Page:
There are days when you set your alarm for the next day, and you try to plan out the day in your mind. Then the sun comes up. The alarm you set in hopes for a better day is turned off, and you crawl back into my bed. You lost all interest in the potential of a new day. After hours of waiting for the sadness to subside, it doesn’t. The energy you once had is gone. Even with a cup of hot coffee, it won’t return. The darkness has taken over.
Depression is not a feeling that fades after an hour. It’s not a moment of sadness but a series. There are times where brushing your teeth can be the equivalent of running a marathon. It takes a substantial about of thinking and it doesn’t seem worth the fight. There is no quick fix. But the battle you face should not be tackled alone. When you begin to feel symptoms of depression, you’re able to familiarize yourself with those feelings of emptiness, and it is okay. It is okay to feel hurt, weak, and confused.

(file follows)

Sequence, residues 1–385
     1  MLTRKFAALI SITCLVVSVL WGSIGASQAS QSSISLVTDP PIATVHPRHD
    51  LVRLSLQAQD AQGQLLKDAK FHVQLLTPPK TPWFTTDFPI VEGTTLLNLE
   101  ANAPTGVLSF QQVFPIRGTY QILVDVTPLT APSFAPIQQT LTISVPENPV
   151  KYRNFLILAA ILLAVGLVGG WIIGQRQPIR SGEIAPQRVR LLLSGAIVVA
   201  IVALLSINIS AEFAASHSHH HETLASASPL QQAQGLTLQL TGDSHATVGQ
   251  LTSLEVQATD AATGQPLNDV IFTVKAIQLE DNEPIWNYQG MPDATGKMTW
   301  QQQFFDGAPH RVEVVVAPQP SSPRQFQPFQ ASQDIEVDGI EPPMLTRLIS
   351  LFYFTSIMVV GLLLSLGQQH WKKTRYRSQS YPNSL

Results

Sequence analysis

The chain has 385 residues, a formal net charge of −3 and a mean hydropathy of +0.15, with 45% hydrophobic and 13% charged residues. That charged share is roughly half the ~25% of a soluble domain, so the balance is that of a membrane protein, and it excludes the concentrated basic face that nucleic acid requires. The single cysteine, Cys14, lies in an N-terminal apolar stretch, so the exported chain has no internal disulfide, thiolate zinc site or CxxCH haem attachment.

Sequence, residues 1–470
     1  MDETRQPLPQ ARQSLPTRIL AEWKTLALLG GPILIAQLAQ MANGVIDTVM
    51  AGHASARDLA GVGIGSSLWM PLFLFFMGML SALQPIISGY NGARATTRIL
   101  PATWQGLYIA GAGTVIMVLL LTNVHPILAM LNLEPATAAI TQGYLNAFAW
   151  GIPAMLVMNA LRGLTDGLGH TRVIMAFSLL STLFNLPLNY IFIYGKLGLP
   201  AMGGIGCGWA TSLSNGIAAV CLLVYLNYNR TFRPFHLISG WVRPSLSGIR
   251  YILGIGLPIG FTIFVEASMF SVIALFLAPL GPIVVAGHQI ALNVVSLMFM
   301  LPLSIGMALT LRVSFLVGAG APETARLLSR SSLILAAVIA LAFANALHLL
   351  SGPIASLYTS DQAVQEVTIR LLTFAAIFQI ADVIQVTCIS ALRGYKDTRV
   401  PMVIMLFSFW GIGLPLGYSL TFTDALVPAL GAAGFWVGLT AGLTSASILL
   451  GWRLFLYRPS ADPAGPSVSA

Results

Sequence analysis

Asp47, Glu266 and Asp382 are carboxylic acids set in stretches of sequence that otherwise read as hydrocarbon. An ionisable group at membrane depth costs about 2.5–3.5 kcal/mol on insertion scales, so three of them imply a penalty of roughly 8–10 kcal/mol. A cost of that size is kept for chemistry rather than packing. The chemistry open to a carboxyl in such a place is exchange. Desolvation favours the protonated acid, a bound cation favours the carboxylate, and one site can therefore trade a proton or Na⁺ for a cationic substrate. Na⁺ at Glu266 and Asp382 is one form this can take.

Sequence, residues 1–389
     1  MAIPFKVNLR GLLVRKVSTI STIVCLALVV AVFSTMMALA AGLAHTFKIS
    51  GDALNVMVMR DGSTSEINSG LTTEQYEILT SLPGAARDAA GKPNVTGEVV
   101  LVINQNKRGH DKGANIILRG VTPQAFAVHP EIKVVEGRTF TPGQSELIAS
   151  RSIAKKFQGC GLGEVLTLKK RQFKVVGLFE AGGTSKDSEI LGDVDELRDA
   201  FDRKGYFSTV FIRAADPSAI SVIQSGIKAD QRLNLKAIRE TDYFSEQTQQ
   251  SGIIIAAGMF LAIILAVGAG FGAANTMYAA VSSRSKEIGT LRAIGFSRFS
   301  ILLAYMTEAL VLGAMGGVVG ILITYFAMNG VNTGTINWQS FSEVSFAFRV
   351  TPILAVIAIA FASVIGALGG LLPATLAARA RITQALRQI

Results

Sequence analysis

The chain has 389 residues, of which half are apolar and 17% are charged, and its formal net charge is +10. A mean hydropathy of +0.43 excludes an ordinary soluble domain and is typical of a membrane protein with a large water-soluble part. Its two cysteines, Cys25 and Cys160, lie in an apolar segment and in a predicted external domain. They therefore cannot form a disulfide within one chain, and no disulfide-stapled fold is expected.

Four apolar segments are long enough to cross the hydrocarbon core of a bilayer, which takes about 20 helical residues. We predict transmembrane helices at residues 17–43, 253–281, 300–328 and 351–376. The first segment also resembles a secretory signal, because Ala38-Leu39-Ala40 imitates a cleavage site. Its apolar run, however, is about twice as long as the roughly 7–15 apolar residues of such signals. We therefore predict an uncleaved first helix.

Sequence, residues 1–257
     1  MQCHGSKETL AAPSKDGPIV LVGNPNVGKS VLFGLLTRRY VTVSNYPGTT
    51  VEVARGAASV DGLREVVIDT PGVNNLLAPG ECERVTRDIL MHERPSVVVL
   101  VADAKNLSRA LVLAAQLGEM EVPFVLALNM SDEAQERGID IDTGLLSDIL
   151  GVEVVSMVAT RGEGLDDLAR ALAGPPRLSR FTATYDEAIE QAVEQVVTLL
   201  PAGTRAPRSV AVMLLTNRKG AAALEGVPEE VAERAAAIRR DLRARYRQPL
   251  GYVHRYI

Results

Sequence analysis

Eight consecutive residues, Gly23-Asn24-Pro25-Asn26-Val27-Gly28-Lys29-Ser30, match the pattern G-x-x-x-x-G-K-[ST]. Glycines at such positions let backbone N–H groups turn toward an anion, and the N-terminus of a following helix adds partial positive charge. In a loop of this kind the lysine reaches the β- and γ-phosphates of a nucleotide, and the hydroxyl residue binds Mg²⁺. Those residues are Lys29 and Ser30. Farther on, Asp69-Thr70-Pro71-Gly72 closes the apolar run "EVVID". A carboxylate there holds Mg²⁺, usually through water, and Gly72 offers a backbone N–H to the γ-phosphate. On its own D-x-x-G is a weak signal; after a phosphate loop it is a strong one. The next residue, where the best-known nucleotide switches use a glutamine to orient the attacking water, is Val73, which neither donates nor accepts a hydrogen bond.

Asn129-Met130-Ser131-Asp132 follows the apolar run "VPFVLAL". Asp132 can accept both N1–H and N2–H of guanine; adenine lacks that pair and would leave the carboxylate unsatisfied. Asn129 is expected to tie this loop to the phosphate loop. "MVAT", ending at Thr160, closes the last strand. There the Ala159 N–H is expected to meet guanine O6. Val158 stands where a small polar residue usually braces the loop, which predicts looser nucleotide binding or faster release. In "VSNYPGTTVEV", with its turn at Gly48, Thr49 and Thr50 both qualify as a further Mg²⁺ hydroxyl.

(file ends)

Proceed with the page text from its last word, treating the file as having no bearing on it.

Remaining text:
For women, especially women of color, depression is not a stranger. There is a constant feeling of suffering and internal wounds that surface from years of trauma. The hardest part is accepting that this is not the way you want to continue your life. When you come to the realization that the monster of depression has taken over, it can be hard to try and think about life without it. It can be just as scary as choosing to stay in the cycle of it. But with proper research and assistance from someone who wants to help, you become the best version of yourself. A life without debilitating depression can be the start of something extraordinary.